Eighth-grader David S. Dixon–along with his dad David G. Dixon–has built a street-legal quadricycle powered by a solar-charged electric motor. The bike not only carries his dog and three friends, but it has also has an iPod dock and GPS. Ya, it’s that cool!
Coined as the Solar Human Hybrid (SOHH), the vehicle was launched as part of David Jr.’s middle school project for the Novato Charter School.
David Jr. told Gas2.org that “I watched my dad install solar panels at home, I have had an interest in them ever since. I have had electric remote controlled cars, boats and helicopters that I would always take apart – and usually getting them back together with some kind of improvement.” David Sr. confirmed that “even his pinewood derby car in cub scouts back when he was 8 or 9 had LED taillights and headlights and ended up getting exhibited at the Marin County Fair.”
The vehicle’s Scott 24-volt motor provides 1 horsepower and it has a top speed of 14 mph. First geared to 18 mph, but it was then re-geared to provide enough torque for making steeper hills.
The SOHH uses GreenSaver Silicone Gel Cell batteries. The batteries, iPod, and GPS are all fed by 20-watt solar panels. They used a small motor as to keep pedal-power the priority for the bike. By doing so, the battery remained light-weight and the solar panels a reasonable size.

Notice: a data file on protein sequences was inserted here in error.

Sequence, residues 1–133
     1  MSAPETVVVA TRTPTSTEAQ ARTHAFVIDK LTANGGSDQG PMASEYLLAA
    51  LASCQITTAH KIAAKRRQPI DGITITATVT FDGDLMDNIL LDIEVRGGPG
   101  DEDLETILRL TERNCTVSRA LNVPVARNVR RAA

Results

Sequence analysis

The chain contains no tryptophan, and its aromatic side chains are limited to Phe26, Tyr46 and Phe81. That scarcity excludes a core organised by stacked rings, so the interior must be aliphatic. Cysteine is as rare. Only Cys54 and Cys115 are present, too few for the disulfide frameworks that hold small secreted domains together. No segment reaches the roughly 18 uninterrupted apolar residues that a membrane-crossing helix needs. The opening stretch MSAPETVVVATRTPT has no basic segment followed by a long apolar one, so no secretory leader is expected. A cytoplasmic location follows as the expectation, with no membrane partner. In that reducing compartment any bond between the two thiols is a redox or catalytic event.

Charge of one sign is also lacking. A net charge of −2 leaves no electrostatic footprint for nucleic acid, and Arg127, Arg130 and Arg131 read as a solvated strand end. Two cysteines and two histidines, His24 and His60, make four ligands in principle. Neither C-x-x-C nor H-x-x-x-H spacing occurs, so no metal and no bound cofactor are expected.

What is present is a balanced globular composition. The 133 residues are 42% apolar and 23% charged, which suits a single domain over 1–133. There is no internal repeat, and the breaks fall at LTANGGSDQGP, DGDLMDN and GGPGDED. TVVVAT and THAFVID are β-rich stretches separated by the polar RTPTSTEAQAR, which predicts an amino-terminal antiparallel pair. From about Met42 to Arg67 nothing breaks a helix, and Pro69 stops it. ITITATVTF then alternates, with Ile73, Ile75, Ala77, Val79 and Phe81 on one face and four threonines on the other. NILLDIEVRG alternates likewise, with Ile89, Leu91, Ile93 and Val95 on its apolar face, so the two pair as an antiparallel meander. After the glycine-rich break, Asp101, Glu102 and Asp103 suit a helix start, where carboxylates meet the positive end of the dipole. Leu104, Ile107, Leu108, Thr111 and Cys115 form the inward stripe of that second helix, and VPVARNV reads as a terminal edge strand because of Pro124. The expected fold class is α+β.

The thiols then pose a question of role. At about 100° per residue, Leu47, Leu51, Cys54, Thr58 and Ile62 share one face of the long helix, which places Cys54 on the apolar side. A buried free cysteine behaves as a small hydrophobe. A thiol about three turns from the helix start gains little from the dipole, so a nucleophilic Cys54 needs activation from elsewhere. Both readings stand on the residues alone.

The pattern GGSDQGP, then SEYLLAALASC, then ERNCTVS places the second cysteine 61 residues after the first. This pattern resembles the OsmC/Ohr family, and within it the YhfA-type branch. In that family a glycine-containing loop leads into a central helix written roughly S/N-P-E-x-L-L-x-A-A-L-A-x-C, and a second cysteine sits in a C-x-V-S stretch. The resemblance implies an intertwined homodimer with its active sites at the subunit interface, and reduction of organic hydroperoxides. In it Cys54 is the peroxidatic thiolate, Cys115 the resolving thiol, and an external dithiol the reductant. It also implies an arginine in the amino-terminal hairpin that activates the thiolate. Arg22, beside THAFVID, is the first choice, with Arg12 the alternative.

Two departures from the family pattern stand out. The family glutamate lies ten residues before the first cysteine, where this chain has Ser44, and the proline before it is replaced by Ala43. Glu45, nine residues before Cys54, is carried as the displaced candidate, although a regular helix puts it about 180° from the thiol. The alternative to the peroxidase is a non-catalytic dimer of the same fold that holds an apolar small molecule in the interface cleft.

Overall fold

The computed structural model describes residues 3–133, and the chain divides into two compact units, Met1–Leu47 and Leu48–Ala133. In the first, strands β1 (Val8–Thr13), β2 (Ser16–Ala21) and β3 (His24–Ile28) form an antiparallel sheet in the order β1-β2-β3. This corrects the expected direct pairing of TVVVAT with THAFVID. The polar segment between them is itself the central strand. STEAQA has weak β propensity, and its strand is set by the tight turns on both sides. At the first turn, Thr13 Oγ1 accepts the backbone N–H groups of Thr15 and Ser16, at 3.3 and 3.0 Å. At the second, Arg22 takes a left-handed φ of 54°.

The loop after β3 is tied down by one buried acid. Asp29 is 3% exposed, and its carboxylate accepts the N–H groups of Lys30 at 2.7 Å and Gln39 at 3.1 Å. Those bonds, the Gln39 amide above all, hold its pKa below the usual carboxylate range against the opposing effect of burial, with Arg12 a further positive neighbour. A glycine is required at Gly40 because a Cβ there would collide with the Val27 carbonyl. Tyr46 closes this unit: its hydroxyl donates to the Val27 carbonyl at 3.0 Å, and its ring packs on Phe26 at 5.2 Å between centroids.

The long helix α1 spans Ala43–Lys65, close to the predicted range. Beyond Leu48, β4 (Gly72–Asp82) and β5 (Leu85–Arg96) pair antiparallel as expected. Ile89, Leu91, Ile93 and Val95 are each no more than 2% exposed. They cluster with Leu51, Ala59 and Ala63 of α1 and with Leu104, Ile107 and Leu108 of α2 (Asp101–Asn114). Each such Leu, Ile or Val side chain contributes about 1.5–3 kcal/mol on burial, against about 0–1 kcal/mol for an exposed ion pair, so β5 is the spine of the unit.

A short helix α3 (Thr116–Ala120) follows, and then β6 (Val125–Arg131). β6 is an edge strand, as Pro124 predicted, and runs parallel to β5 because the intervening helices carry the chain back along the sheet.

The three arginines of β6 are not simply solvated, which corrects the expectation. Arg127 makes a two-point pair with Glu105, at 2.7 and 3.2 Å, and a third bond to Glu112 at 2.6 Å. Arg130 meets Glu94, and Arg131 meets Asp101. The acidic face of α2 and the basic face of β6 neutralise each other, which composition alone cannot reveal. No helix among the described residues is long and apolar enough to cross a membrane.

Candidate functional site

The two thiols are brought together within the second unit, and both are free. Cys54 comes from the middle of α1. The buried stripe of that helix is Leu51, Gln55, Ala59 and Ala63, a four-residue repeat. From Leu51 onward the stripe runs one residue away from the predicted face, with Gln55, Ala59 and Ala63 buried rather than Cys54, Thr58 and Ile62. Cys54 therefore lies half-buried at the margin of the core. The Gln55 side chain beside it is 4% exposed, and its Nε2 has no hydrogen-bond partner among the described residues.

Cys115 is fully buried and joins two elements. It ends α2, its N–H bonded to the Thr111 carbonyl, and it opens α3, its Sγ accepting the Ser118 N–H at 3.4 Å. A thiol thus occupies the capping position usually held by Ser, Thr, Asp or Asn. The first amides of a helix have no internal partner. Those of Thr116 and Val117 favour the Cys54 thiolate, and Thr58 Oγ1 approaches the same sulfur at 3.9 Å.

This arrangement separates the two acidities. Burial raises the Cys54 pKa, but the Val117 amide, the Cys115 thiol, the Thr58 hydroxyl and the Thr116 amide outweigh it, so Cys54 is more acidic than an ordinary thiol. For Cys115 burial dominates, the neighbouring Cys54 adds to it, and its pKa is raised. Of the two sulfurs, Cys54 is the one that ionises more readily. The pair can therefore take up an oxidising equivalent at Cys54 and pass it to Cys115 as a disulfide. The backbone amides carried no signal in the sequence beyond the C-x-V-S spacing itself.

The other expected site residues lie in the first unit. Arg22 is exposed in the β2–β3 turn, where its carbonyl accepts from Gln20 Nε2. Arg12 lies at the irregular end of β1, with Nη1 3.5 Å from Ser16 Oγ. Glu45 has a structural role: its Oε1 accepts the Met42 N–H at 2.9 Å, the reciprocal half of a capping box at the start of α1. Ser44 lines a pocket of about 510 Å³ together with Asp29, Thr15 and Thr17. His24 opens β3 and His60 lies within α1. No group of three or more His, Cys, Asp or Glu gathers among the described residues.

The base vehicle used, and the priciest part of the project, was a Switzerland-built ZEM (Zero Emission Machine) 4cycle. It’s made out of an aluminum frame and each rider can pedal at their own pace. In fact, the 4cycle took 3rd place at the human powered vehicle world championships at Interlaken, Switzerland.
And while the ZEM 4cycle is no longer produced, they got one from a dealer in Maryland who purchased the last 3 from the US distributor. It cost them $3,900.
“[The SOHH] has replaced our cars for errands around town, and it has grown into more than we envisioned with a lot of interest from the community,” David Dixon Sr. told Wired.com.
And for the win, they documented the project on their website with all parts and schematics so that anyone can build one. They don’t plan to mass produce the vehicle but would love it if someone else does. Though David Sr. did express an interest in updating the bike with a lighter battery “such as lithium polymer, but no budget for it yet.”
Of course, we’d love to see that too. But I had to ask if the dog actually rides in the SOHH.
David Sr. told us “Not really, but she [Mimzy] would rather come along than be left behind.”